ABSTRACT: At a time when human African trypanosomiasis (HAT) elimination again seems a reachable goal in many parts of sub-Saharan Africa, it is becoming increasingly important to characterise the factors involved in disease resurgence or maintenance to develop sustainable control strategies. In this study conducted in the Forecariah mangrove focus in Guinea, HAT patients and serological suspects (SERO) were identified through mass screening of the population with the Card Agglutination Test for Trypanosomiasis (CATT) and were followed up for up to 2 years. Analysis of the samples collected during the follow-up of HAT patients and SERO was performed with PCR (TBR1/TBR2) and the trypanolysis serological test (TL) in order to clarify the role played by these individuals in the epidemiology of HAT. PCR positivity was higher in TL⁺ than in SERO TL⁻ (50% vs. 18%, respectively). Whereas CATT plasma titres decreased both in treated HAT patients and SERO TL⁻, SERO TL⁺ maintained high CATT titres. Four out of 17 SERO TL⁺ developed HAT during the study. These results strongly suggest that SERO TL⁺ individuals are asymptomatic carriers. In the context where disease prevalence is sufficiently low, treating SERO TL⁺ individual may thus be of crucial importance in order to cut transmission.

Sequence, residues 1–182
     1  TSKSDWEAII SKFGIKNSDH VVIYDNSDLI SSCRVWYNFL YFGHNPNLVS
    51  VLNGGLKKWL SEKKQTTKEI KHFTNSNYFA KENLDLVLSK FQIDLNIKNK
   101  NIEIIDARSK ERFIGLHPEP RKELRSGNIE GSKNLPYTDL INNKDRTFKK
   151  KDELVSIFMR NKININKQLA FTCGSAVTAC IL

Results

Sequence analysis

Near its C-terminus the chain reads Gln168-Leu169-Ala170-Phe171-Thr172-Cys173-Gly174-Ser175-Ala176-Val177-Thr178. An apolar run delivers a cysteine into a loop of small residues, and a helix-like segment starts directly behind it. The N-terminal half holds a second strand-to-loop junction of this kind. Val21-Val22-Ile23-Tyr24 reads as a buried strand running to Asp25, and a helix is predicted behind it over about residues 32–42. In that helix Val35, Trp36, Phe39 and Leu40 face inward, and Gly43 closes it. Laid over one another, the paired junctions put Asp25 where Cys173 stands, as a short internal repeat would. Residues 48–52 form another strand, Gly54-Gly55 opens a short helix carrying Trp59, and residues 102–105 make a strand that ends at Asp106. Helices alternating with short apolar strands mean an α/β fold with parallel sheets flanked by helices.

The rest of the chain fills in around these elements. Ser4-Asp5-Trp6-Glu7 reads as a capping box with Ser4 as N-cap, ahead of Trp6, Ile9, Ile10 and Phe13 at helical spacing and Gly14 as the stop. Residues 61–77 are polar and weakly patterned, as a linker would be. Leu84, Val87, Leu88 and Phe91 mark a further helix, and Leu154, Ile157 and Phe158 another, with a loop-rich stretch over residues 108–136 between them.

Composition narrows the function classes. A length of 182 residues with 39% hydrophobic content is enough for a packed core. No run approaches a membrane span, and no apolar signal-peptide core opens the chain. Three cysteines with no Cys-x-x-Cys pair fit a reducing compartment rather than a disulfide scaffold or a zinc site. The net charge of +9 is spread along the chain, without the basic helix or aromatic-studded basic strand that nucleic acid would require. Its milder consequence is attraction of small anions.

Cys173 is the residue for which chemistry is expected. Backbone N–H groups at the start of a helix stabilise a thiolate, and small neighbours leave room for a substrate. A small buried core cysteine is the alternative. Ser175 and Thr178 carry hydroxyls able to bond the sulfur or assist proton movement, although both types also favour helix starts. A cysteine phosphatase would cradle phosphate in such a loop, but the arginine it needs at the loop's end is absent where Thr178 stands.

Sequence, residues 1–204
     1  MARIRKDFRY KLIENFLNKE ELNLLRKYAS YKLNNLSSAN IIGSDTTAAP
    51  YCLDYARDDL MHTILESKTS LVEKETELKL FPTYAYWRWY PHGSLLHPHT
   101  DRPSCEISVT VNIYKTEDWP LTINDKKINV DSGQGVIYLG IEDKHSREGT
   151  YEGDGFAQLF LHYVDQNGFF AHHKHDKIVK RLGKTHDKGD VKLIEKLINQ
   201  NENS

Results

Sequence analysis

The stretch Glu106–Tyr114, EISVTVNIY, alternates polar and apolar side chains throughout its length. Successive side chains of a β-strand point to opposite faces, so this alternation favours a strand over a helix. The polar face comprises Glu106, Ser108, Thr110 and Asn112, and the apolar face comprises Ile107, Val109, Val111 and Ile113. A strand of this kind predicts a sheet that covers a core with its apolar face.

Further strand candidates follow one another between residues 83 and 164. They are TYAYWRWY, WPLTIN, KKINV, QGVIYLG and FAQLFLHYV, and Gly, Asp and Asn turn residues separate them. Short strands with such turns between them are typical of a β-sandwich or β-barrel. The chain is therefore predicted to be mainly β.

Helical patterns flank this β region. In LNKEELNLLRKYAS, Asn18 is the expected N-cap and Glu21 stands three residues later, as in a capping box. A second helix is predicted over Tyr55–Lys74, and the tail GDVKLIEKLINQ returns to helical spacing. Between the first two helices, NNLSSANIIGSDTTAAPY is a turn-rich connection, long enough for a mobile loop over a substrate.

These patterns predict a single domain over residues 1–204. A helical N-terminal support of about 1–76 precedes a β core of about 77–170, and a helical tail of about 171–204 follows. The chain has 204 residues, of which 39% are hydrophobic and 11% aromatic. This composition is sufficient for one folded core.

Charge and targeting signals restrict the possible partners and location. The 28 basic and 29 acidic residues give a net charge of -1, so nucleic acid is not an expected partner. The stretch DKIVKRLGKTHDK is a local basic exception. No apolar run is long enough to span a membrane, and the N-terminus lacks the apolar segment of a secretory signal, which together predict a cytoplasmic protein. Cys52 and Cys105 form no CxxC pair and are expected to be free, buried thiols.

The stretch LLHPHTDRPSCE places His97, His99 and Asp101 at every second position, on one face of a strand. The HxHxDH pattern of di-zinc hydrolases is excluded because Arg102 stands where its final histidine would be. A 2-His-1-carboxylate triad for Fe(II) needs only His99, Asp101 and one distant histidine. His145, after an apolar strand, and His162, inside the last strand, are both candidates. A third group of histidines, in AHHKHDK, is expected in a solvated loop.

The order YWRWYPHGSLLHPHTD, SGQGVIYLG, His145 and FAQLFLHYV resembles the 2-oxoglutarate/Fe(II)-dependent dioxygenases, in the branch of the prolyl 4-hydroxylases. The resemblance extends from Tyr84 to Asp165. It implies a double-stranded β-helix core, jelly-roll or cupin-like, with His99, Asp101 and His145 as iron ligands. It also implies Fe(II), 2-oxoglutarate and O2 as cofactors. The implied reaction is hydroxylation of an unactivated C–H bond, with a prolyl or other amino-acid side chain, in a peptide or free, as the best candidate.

Microbes and Infection 05/2011; 13(11):943-52. · 3.10 Impact Factor